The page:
Founded back in 2004, Yelp has become a staple review site for businesses, particularly those in services and hospitality. By the end of quarter 2 in 2018, Yelp hosted over 171 million reviews with the most popularly reviewed businesses being shopping, restaurants, and home and local services.
Yelp is popular with consumers. Forty-five percent of consumers say they read Yelp reviews before giving a company their business.
But as both businesses and customers know, Yelp is also plagued by fake reviews. Whether they come from aggrieved customers, trolls, or your competition, fake Yelp reviews can mess with your standing.
Have you spotted a fake review? Here’s what to do next.
What Is a Fake Yelp Review?
A fake Yelp review is a review not based on a person’s first-hand experience with a business. Writing these reviews is against Yelp’s terms of service.
Fortunately, Yelp (unlike Google) hates fake reviews and uses an automatic filtering system that manages to catch about 25 percent of them. However, some fake reviews get through, and you need to spot them manually.
Now, bad reviews aren’t all fake. Some people won’t like your service or product, and you (1) can’t help that, and (2) can’t remove the review because you don’t like it.
However, fake Yelp reviews often come from accounts that:
- Have zero (or few) Yelp friends
- Are days or weeks old
- Post other negative reviews for businesses in the same industry
The first characteristic is also one Yelp uses in its algorithm to spot fraudulent reviews.
How to Deal with Fake Yelp Reviews
Yelp doesn’t allow you to delete negative reviews. Before you get up-in-arms about it, remember that it’s a good thing. If bad businesses could remove reviews calling them out, then Yelp would be relatively worthless.
In the same vein, remember not to attack even fake or fraudulent reviews. Other customers can see it and probably haven’t taken the time to see that the account is (clearly) a scammer.
If you find what you firmly believe to be a fake review, tell Yelp. The company wants to know.
To inform them, you need to go to biz.yelp.com and log into your account. You need to claim your business to do this, so if you haven’t yet, go through the process now. Claiming your business is always a good idea because it alerts you to new reviews and allows you to interact with customers.
Once you log in, find the suspect review on your account. Next to the “send private message” button, there is a gray flag. Put your cursor on it and then select “report this review” when it pops up. Then, you’ll get a menu that allows you to choose your reason for reporting.
Yelp triages complaints and prioritizes reviews with threats, hate speech, and privacy violations over those that contain false information.
So if the review names and shames your employee, uses hate speech, or includes threats, be sure to select the appropriate reason for flagging the review. If it’s a competitor or old employee, then don’t choose one of the more nuclear options.
Will Yelp Remove the Review?
It’s up to Yelp to decide to remove the review. Any reviews that pose legal issues for Yelp itself are more likely to come down. You can’t force Yelp to remove anything, and you shouldn’t try because you could wind up being punished yourself.
If Yelp leaves the review up, consider responding to the review amicably.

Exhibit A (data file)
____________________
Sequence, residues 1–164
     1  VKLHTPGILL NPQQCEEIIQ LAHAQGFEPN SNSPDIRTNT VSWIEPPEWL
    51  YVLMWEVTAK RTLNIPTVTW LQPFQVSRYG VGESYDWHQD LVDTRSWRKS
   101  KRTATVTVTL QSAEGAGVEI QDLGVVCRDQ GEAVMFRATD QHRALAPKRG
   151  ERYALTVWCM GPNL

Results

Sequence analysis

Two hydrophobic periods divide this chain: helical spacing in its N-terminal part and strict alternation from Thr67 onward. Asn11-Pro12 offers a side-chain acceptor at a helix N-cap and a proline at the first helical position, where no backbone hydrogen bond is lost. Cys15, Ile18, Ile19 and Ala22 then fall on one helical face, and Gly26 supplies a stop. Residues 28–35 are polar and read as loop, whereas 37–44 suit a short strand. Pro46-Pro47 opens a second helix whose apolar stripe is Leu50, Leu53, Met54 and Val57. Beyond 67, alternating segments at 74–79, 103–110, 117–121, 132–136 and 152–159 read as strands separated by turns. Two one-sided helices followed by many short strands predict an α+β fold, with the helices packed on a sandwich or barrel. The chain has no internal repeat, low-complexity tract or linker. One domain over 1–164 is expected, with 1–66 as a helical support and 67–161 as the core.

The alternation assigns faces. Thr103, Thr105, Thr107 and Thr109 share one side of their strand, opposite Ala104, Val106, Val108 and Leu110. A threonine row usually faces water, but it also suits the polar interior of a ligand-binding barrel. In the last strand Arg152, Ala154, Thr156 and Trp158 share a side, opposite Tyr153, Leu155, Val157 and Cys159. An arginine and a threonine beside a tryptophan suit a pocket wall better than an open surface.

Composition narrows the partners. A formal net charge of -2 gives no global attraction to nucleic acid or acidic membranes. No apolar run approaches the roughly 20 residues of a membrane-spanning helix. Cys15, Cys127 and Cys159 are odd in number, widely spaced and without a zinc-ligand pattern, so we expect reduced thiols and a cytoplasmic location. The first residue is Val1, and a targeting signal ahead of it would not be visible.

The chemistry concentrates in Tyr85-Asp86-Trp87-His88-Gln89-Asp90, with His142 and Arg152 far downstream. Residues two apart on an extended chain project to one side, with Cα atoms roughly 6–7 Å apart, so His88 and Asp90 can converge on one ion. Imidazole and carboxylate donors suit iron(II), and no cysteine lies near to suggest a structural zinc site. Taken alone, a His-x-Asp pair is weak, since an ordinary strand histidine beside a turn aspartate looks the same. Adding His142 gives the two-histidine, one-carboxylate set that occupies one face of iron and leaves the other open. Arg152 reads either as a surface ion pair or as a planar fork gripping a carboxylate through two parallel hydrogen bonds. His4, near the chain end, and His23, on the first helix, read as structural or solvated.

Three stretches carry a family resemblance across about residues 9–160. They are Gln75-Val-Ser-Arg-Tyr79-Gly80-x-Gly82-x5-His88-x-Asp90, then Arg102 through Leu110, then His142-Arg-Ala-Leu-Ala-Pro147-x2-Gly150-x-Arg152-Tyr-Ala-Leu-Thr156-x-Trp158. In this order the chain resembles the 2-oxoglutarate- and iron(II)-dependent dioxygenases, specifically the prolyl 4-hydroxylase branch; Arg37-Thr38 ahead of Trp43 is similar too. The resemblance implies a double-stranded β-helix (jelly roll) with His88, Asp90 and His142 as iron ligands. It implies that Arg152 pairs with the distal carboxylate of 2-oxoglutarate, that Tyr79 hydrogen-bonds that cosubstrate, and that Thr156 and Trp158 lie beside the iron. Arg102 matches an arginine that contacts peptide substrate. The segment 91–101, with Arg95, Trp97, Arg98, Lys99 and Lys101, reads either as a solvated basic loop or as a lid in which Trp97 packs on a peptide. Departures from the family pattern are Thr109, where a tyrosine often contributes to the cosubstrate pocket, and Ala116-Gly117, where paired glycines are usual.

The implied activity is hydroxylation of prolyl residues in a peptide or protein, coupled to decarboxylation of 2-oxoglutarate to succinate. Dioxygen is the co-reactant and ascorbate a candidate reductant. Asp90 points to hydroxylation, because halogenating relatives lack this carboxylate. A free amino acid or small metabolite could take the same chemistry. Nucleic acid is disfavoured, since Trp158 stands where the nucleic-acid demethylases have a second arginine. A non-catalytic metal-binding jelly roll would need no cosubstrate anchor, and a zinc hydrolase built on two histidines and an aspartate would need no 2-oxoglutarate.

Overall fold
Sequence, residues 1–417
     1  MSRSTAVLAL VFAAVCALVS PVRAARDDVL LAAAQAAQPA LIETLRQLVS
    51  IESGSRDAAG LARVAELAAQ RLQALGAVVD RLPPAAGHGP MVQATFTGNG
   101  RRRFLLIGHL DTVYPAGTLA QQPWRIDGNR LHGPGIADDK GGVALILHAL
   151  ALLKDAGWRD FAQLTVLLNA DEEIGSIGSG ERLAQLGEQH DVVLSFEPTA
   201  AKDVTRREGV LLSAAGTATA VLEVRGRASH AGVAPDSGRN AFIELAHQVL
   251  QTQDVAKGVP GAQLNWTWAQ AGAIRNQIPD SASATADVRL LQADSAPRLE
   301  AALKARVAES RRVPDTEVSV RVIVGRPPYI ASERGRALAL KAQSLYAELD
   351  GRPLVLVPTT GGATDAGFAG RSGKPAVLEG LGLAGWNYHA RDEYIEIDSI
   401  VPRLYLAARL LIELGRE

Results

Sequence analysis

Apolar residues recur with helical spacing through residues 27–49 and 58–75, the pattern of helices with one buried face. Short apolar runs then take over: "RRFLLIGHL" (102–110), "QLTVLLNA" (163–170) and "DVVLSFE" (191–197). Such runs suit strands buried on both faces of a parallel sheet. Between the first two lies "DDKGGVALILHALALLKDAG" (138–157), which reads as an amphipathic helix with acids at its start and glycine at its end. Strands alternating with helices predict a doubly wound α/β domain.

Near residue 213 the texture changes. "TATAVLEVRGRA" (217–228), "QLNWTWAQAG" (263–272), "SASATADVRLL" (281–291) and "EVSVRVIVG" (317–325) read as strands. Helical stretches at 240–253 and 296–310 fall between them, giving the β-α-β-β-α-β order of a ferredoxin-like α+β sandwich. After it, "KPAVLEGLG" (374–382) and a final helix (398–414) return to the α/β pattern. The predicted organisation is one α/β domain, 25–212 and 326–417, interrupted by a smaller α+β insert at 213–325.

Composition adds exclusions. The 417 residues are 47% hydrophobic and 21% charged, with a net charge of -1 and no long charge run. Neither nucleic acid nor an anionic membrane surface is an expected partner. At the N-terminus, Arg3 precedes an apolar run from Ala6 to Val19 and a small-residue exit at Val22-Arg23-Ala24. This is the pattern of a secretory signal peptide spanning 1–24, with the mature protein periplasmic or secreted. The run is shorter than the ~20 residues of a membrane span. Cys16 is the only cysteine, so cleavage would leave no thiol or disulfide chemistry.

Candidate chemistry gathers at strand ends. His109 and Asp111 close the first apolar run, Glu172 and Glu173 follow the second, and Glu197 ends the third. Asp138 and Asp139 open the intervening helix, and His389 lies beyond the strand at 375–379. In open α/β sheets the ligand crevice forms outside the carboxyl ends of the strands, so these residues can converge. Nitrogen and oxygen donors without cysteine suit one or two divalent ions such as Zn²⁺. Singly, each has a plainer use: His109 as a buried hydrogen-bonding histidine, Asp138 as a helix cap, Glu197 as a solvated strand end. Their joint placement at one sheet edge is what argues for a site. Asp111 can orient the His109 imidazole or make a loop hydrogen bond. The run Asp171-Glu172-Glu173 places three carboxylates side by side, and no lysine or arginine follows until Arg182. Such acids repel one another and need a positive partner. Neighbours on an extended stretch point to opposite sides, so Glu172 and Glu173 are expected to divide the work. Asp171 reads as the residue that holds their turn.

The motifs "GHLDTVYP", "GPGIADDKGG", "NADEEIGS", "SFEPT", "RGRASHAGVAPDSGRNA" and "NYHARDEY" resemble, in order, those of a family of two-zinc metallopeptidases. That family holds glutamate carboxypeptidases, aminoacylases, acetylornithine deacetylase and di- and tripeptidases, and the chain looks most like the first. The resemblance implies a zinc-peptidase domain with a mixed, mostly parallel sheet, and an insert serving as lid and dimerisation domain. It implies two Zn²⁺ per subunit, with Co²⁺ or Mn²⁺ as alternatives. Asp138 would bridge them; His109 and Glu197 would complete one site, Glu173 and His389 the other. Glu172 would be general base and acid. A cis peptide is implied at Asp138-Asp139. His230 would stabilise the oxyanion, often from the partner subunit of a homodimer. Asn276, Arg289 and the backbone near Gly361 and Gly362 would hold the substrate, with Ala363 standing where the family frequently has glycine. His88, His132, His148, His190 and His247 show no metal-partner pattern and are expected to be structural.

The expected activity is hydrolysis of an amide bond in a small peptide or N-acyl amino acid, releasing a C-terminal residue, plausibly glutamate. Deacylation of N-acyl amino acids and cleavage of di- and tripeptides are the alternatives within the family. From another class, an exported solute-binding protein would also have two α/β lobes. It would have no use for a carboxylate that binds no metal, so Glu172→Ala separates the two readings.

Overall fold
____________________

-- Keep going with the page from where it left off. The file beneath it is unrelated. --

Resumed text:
Don’t respond to the claims or the reviewer.
Instead, explain the review to everyone else who might happen upon the post. Show why you think the review is false (their account has no friends, they use insider knowledge, they seem to be a competitor, etc.). Then, refer other readers to the long list of other positive reviews that contradict the bad one.
Yelp’s Ghost Algorithm and What It Means for Your Negative Reviews
Bad reviews happen. Whether they are the product of a fraudster or an unimpressed customer, you will get at least one or two. It’s part of being on the internet.
However, there’s a second issue that businesses now need to deal with.
At the end of 2018, Yelp switched up its recommendation software in a way that was intangible but not entirely invisible. It earned the name the Ghost Algorithm. Businesses on the site started losing reviews, particularly if the company has “too many positive reviews.”
One chiropractic office reported losing 40 percent of its total reviews to the unrecommended section.
It has happened to a considerable number of businesses, and it doesn’t matter whether they advertised on Yelp or whether they were Yelp Elite. (Though Yelp will call you out for bad behavior whether or not you advertise on the site and it has no qualms about pulling your advertising capabilities in the future.)
Why is Yelp hurting businesses with a long list of positive reviews?
Well, if you have too many positive reviews, then none of the negative ones show up. Yelp seems to think that people want to see a mix of reviews and providing that mix makes the site more reliable.
What Should You Do If You Get Ghosted?
No one knows what happened to the recommendation software. Speculation abounds because Yelp says that it uses many different signals.
You can’t get mad at Yelp, nor should you ask customers for reviews (or incentivize reviews with discounts).
Instead, keep up-to-date with what’s happening on your profile and try to maximize your positive reviews by sharing them on social media and responding to them.
Active Yelp Management Protects Your Online Reputation
Fake Yelp reviews happen. Even though they hurt your pride, they don’t have to damage your business. If the review is damaging and false, you can ask Yelp to take it down.
However, Yelp’s new changes mean that your less-than-flattering reviews may now become more visible. Yelp thinks it’s ‘helpful.’ We’re not convinced.
That’s why it’s more important than ever to stay on top of your online reputation.